The following originally appeared in the Midlands Business Journal and was written by Becky McCarville. It has been reprinted and lightly edited with permission from the publisher of MBJ Inc.
From a big picture perspective, market disruption impacts many aspects of healthcare, from the shift to value-based and outpatient-focused care to the use of big data sets to drive results, to artificial intelligence and technology that can help hospitals save money.
“We continue to see market disruption in healthcare,” said Cassling President Kyle Salem, Ph.D. “We all see things happening in D.C. that change the way healthcare is practiced, even down to people getting care locally.”
Part of this disruption is a shift to community-focused care, where patients can go to their local clinic for imaging or procedures instead of a hospital, sometimes saving themselves the drive to a larger city.
Imaging, such as MRIs and more, should follow the push to community-based care so diagnoses can be made more quickly, catching diseases more effectively and resulting in better patient outcomes while lowering the overall costs, Salem said.
Bringing vascular imaging and cost-effective technology into a clinical setting is currently a focus.
“We have a mobile C-arm that basically can go anywhere and is a full-blown cardiovascular lab on a little C-arm. You’re able to do vascular-like procedures in a doctor’s office,” said Mike Cassling, CEO of Cassling and president and CEO of CQuence Health Group, parent company to Cassling and Ensocare. “I think we’re going to see more and more in that area as procedures move outside the hospital.”
The goal of value-based care is to drive down healthcare costs while at the same time increasing quality. One of the biggest costs for hospitals is its personnel, yet cutting staff can affect quality.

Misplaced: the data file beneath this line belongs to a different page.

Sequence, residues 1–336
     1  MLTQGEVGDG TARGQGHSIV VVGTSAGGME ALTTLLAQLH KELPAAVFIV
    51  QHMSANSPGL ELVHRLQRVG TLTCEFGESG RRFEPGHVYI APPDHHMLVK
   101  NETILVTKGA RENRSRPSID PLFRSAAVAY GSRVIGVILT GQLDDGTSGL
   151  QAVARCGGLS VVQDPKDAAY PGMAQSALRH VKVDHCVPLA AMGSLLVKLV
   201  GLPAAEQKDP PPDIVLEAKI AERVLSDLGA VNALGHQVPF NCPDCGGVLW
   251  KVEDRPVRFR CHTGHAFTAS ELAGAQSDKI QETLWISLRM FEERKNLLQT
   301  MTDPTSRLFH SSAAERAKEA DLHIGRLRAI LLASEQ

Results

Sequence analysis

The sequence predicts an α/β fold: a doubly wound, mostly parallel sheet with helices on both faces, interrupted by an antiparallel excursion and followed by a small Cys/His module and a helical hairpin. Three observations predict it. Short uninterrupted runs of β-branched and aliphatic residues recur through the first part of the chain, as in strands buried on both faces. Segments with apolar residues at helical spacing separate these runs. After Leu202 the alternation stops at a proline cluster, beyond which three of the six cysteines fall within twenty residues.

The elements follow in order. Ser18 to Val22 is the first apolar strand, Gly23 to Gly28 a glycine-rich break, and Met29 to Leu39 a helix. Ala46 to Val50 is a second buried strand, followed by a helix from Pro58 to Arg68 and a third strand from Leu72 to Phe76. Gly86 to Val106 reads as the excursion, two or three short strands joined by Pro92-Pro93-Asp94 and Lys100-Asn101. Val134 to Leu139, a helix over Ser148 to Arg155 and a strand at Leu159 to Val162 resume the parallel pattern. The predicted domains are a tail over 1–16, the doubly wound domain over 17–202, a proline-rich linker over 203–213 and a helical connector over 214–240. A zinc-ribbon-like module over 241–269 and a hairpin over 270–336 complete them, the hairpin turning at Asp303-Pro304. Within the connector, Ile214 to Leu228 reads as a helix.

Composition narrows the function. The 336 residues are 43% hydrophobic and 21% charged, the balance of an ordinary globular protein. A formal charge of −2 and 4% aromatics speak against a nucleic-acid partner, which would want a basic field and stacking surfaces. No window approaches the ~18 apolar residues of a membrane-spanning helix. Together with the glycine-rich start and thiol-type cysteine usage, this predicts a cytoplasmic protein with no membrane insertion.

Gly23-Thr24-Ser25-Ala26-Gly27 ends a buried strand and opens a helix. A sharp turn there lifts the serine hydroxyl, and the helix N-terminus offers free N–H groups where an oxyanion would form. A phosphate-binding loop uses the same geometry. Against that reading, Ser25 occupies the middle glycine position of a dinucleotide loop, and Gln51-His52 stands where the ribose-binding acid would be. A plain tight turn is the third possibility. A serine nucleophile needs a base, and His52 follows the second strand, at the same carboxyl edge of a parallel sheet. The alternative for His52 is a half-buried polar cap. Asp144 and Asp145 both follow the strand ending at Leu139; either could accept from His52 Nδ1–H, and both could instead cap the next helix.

“I think the challenge we have as an industry is, we’ve squeezed the lemon about as much as we can,” Salem said. “We’re trying to help our customers by producing lower-cost equipment, making sure they can get the best deal they possibly can while keeping equipment running all the time.”
The goal of building artificial intelligence into imaging technology is to improve workflows with less human interaction while still getting optimal results, he said.
“Imaging continues to be a driver from a business perspective for hospitals,” Salem said. “We understand the staffing concerns going on in the industry, whether it’s the fact that hospitals have to cut people because of budgets or they simply can’t find the right people. The ability to create better workflows for the people using the equipment every day is really where the technology’s going.”
The development of robotics in angiography cardiac catheterization has led to a hybrid procedure room/operating room.
“More and more medical specialties have started to use imaging on their own,” Salem said. “It used to be that, if you wanted imaging, you had to go to radiology to access it, but now we see orthopedics, cardiology, pain management, neurology, and the emergency room all bringing imaging into their own departments. All of a sudden we have to touch more people and see more departments to really understand the market.”
One such example is the installation of a robotic cardiac catheterization lab at Children’s Hospital and Medical Center — one of the first in the world for pediatrics, Cassling said.
“Children’s is a local example of robotics and imaging coming together to make things faster, better quality and lower dose — all of which are highly critical, especially in pediatrics,” he said.